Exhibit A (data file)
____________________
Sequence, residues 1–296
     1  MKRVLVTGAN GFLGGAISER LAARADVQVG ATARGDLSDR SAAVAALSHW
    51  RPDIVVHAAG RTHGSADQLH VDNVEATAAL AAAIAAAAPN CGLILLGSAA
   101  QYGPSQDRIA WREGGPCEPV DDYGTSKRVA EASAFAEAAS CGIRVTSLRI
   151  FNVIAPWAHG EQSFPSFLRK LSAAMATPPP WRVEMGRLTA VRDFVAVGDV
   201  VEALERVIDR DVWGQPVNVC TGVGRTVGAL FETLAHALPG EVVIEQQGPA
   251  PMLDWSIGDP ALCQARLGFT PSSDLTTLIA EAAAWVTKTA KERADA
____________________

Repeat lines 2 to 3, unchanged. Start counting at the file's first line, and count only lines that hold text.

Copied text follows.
     1  MKRVLVTGAN GFLGGAISER LAARADVQVG ATARGDLSDR SAAVAALSHW
    51  RPDIVVHAAG RTHGSADQLH VDNVEATAAL AAAIAAAAPN CGLILLGSAA